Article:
Stocks rallied again last week after the Federal Reserve voted not to raise interest rates this month. While few expected the Fed to act last week, official statements suggest the path to higher rates looks clearer. For the week, the the S&P 500 gained 1.19%, the Dow grew 0.76%, the NASDAQ added 1.17%, and the MSCI EAFE stayed stable.1
Let’s dig more deeply into the Fed’s recent statements.
The Fed cited continued strength in the labor market, economic growth, and better wage growth in its case for higher interest rates. However, tepid inflation (largely due to lower energy prices) and a desire to get the timing right caused most of the Federal Open Market Committee (FOMC) to vote to hold rates steady. 2
Three members of the FOMC dissented from the majority vote, believing that the Fed should have raised interest rates this month. One dissident, Boston Fed President Eric Rosengren, believes that the labor market could overheat in 2017, potentially derailing the economic recovery if action isn’t taken. 3
An overheating labor market could send wages to unsustainably high levels while productivity (output per worker per hour) falls. While higher wages might sound pretty good to American workers, unsustainable labor market trends could lead to the sharp recessionary contraction economists want to avoid. However, the health of the labor market doesn’t boil down to a single measure of unemployment, and the rest of the committee seems to believe that raising interest rates too soon is riskier than potentially raising them too late.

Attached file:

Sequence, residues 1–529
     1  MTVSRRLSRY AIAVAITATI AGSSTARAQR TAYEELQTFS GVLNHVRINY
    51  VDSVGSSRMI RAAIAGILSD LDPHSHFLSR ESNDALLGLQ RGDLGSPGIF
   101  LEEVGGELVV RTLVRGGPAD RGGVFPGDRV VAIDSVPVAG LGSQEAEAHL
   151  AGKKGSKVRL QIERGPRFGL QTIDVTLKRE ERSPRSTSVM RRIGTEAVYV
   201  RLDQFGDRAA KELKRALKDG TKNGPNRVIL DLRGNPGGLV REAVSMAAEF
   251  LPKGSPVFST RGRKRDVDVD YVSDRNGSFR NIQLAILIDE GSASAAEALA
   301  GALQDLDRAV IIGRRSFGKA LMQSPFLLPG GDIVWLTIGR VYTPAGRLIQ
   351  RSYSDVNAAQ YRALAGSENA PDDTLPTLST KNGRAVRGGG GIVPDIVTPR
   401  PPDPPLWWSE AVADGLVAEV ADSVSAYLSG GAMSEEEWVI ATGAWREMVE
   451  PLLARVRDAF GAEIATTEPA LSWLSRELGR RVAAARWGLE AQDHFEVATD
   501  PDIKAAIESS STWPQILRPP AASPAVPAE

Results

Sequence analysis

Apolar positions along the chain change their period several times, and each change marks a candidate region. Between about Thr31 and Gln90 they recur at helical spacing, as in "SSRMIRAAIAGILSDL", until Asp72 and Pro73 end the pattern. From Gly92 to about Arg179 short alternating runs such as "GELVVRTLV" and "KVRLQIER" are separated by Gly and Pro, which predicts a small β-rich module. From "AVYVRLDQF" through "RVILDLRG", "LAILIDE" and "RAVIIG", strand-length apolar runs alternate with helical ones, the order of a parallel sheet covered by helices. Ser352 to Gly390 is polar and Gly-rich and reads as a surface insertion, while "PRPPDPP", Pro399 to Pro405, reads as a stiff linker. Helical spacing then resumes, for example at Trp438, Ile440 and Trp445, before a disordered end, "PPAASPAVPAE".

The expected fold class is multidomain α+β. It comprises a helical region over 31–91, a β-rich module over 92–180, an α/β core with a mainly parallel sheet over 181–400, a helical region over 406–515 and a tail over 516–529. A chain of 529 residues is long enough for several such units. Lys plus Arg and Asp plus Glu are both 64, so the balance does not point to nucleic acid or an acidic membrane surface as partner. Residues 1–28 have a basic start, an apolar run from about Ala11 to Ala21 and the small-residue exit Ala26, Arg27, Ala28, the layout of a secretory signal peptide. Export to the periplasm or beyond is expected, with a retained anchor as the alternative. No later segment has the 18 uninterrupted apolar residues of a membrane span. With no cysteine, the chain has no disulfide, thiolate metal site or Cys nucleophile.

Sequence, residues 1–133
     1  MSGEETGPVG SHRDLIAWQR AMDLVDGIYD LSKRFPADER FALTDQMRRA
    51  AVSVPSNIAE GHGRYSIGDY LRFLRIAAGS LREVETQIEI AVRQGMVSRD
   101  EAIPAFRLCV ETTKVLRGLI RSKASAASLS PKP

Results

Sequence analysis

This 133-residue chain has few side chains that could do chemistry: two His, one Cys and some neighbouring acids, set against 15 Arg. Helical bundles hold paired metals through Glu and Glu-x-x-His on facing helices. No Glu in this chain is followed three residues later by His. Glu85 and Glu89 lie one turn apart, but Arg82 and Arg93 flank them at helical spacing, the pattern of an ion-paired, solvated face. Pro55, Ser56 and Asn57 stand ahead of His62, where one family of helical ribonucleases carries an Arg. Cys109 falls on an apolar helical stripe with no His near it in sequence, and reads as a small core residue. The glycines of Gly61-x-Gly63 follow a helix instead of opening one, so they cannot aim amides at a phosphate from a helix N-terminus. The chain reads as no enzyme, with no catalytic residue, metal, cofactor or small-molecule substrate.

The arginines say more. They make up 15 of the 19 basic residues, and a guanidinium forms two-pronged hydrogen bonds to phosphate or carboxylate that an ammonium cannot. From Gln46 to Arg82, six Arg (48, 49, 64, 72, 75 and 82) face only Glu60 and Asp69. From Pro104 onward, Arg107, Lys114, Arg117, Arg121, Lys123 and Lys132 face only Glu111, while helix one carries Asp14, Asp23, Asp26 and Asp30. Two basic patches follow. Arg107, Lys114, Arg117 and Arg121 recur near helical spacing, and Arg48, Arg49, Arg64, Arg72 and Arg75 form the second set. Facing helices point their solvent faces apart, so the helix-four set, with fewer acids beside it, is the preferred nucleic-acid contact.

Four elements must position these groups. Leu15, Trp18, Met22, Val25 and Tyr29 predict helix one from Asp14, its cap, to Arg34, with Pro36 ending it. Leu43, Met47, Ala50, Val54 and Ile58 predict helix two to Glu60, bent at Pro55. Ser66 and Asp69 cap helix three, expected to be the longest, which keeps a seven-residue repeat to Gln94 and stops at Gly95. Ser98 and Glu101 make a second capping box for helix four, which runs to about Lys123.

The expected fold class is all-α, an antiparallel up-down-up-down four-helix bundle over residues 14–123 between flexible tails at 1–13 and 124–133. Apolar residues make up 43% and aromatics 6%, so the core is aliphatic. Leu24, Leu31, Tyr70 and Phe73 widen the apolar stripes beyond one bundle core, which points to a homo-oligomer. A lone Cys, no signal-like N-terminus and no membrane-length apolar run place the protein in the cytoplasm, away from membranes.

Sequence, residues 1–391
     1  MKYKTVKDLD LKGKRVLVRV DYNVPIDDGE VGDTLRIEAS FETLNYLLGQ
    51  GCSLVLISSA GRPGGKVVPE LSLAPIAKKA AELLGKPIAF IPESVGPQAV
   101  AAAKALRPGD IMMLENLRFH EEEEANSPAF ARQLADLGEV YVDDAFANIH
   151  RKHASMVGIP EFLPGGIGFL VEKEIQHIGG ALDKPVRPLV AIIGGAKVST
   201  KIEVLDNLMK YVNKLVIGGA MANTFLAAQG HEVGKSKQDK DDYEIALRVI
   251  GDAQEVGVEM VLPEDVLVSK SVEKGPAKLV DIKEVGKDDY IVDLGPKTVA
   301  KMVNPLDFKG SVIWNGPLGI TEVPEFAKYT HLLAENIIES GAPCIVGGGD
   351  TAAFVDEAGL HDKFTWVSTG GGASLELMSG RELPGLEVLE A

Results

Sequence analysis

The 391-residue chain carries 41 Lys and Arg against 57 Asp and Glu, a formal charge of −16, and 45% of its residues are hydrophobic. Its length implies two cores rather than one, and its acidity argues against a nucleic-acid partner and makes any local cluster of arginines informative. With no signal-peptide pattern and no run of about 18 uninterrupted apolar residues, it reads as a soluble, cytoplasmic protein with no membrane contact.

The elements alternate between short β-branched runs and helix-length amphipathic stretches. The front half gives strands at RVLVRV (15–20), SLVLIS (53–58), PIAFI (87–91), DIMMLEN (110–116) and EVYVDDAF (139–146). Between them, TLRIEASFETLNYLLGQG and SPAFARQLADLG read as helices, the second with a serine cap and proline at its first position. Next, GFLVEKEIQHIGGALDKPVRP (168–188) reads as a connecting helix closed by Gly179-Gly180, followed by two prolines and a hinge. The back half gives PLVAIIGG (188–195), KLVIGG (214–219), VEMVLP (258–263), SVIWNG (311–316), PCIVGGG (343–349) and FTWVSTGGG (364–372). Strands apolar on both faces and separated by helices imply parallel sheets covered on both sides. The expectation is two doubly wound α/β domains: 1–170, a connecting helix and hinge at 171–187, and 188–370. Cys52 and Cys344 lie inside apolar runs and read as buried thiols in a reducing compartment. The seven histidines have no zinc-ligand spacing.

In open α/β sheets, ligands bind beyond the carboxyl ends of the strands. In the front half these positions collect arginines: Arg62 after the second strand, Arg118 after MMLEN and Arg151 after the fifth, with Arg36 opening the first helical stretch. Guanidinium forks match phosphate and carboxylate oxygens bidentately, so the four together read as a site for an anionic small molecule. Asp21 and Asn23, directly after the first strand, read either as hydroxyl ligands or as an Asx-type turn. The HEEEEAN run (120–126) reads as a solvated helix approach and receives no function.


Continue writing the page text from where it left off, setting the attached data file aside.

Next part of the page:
The market appears to agree, and investors see the Fed reinforcing the idea that the economy still has room to grow. At least one Wall Street analyst believes we’re in the “sixth or seventh inning of a nine inning game.”4 Despite the Fed’s increasingly hawkish tone about raising interest rates, Wall Street isn’t fully convinced the central bank will pull the trigger in December. The latest estimate of trading interest shows that traders view the odds of higher rates in December at 54.2%. 5
The Fed has worked hard to convince the public that it intends to raise rates soon. Why? One of the tools the central bank can use to affect markets is that of its “bully pulpit,” the leverage of its powerful position. In the past, the Fed has used the bully pulpit to sound the warning about irrational market highs and give Americans plenty of notice about future policy moves. The Fed hopes that telegraphing plays will give markets time to digest the news and avoid a shock.
This week, Monday’s presidential debate and a key meeting of Organization of the Petroleum Exporting Countries (OPEC) members could lead to more market volatility. Oil prices have been a major driver of market movements this year and movement toward freezing production (thereby reducing the supply glut that is contributing to low prices) would cause volatility. How likely is a coordinated production freeze? Not very likely since it would require historic cooperation between geopolitical opponents such as Saudi Arabia and Iran.6 We’ll keep you informed.
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